Business fraud takes many forms, and companies need to employ various strategies to fight them all. Some entrepreneurs view check fraud and forgery as unlikely occurrences, but trusting your employees or partners isn’t a substitute for real protection. Could your checking practices be putting you at risk? Check forgery isn’t just a technique that identity thieves use to catch consumers unawares. As one accountant with two decades of experience discovered, the consequences of fraud have the potential to cripple small companies.
After leaving her accounting job at GM, Carole Maddux struck out on her own by founding a small firm. In 2010, however, she discovered that criminals had targeted her business by cashing false checks using one of her clients’ accounts. These fraudsters attempted to steal some $15,000 in total. Although Maddux was able to persuade the bank to reimburse her, it took two days and a police report. Tellingly, she had to file the report herself because the bank neglected to take action even though its tellers were the ones who initially notified her of the potential scam. Maddux was lucky enough that her clients didn’t blame her. Still, these events could have easily jeopardized her company’s standing, and she was never able to determine how they had been able to falsify her signature on the fake checks.
Carole Maddux’s story isn’t unique: Many startups fall prey to misplaced trust. These problems are particularly problematic for entrepreneurs whose organizational structures blur the lines between close friends, family members and business associates. According to 2014 data from the Association of Certified Fraud Examiners, or AFCE, small businesses with less than 100 employees exhibit the greatest victimization rates of all companies. How do such incidents manifest? Check fraud and tampering accounts for 22.1 percent, which is a significant jump from the 6.8 percent rate observed in organizations with more than 100 employees.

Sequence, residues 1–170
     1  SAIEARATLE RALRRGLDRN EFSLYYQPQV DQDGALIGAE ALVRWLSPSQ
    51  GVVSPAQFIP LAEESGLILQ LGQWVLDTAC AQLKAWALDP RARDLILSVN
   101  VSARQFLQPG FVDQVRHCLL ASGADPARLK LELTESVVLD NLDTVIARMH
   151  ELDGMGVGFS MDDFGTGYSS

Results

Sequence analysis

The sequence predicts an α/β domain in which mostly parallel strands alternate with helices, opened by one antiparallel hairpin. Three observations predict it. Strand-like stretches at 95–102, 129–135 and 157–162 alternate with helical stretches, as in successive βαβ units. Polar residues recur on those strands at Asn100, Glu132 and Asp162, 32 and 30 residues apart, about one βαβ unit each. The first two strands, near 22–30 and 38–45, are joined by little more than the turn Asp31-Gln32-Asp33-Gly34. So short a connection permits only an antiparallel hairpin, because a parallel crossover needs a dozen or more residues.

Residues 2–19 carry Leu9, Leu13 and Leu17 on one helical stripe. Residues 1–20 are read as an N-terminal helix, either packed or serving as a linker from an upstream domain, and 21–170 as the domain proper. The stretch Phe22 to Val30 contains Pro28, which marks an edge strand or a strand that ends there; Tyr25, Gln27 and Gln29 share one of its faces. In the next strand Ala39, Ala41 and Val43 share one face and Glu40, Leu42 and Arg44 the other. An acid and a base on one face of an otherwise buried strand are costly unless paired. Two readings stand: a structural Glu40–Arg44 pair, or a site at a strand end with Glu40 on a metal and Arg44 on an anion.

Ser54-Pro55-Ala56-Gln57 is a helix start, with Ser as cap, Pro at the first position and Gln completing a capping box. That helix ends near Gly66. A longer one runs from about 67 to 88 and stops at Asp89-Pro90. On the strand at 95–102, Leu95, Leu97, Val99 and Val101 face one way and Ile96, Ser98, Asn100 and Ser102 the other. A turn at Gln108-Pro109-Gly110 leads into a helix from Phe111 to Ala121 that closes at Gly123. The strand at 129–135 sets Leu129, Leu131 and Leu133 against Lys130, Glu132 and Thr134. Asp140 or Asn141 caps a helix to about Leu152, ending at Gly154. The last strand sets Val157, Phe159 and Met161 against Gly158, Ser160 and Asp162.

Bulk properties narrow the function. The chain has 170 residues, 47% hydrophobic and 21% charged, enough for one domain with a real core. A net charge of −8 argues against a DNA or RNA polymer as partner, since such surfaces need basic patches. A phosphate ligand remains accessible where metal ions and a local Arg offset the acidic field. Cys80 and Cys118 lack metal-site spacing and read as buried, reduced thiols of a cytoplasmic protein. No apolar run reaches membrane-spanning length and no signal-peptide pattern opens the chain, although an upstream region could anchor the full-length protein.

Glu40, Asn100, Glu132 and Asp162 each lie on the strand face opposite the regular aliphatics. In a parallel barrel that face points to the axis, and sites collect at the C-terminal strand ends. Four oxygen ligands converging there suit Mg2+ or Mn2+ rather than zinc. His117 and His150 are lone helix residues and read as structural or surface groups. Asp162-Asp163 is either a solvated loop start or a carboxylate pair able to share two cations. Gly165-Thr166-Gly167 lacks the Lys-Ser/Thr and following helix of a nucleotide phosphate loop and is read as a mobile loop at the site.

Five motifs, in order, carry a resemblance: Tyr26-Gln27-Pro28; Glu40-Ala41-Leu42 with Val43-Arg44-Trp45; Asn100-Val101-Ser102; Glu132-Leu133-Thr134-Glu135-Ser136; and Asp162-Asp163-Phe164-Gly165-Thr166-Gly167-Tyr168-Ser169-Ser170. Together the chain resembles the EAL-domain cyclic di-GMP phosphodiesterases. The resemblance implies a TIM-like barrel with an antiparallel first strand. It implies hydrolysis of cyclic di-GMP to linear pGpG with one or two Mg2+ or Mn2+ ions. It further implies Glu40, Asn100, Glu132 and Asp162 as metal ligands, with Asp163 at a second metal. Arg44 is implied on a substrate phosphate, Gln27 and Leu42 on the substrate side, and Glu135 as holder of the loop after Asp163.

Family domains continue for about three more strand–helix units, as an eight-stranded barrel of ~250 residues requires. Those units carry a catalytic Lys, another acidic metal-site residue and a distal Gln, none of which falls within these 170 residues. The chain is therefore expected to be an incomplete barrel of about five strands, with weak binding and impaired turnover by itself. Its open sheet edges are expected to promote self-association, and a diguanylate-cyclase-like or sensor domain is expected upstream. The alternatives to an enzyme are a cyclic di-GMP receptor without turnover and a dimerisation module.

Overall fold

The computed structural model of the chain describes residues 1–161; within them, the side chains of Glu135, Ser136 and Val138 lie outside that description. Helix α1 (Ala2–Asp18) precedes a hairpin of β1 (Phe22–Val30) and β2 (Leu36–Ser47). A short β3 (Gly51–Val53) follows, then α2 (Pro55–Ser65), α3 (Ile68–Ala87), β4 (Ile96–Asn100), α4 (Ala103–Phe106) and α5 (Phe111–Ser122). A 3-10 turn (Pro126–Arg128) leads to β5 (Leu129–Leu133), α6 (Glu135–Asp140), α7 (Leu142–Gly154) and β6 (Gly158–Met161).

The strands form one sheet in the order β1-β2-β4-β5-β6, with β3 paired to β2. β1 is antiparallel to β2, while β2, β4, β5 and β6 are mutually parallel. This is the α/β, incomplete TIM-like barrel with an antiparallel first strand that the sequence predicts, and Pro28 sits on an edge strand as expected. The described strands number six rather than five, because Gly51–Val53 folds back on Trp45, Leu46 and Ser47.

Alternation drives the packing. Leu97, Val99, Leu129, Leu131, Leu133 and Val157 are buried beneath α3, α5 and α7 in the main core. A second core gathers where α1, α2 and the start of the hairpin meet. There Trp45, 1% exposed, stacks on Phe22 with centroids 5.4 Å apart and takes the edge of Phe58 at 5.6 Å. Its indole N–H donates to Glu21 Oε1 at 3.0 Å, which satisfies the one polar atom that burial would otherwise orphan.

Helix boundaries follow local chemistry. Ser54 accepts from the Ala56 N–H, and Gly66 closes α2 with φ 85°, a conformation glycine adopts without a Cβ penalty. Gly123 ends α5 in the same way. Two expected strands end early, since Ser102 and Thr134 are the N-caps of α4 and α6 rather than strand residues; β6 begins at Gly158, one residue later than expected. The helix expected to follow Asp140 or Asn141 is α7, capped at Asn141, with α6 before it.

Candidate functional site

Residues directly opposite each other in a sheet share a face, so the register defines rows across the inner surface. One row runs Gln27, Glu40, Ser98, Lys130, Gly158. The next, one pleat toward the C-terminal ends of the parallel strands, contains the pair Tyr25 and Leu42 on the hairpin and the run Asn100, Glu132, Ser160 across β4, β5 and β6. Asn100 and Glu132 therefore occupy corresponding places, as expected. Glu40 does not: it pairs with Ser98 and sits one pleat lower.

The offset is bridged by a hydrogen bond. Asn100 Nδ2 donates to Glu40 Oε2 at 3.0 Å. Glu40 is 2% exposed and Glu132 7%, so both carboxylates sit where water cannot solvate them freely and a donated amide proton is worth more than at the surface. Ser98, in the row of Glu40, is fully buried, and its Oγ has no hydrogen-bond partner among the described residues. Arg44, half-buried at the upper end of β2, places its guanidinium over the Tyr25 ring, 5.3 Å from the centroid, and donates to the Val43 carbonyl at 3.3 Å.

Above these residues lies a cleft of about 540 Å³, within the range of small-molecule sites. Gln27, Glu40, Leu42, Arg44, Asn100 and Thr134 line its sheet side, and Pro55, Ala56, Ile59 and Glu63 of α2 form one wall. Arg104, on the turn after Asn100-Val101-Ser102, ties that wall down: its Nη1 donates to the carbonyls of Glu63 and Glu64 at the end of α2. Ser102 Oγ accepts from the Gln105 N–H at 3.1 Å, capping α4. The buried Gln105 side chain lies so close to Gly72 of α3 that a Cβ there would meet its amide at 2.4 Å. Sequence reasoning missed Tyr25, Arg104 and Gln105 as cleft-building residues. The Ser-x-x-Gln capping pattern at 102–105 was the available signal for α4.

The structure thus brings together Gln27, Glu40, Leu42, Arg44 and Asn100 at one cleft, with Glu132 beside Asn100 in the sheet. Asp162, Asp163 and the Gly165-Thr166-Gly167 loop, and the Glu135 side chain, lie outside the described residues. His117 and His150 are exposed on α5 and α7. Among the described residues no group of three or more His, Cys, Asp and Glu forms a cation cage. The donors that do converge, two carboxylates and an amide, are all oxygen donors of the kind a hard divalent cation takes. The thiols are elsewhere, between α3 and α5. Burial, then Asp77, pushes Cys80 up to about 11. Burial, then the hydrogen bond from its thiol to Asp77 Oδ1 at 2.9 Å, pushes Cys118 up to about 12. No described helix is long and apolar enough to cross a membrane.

Family-owned enterprises are by no means immune. In fact, these firms commonly suffer from the same kinds of licentious acts that employees who aren’t related to the company’s leaders commit, such as fraudulent check writing. Unfortunately, some police departments are wary of getting involved in what they regard as family disputes, so prevention is the best option for such companies.
To deal with false checks, experts recommend techniques like implementing periodic unannounced auditing. When performed by a reputable third party, this form of surprise financial verification can deter future fraud theft or catch people in the act. Some business owners also reevaluate their checking account usage habits. For instance, eliminating inherently insecure signature stamps and demanding that high-value checks include two authorized signatures might increase the difficulty of forgery. The problem with such remedies is that they also heighten the effort required to make payments.
Updating to modern payment methodologies is an effective alternative to work-intensive fraud prevention methods. For instance, prepaid cards like Bento for Business are FDIC-insured and lessen the likelihood of check fraud by reducing the need for traditional checking— with the added security of SSL-encryption for any and all interactions with your account. These tools also feature out-of-the-box integration with mobile monitoring software and programmable alerts to keep business owners informed in real time.
Keeping up with check forgery is a serious challenge for small businesses. Although a big firm might be able to absorb the costs of a fake check or the expenses associated with pursuing a fraudster, such events could sink startups and companies that are already struggling. Adopt a firmer stance against fraud by minimizing your reliance on checks with Bento for Business. Learn how by filling out our lead form and starting your free 60-day trial. If you have any questions, call our highly-rated and regarded support staff at (866) 289-1104.
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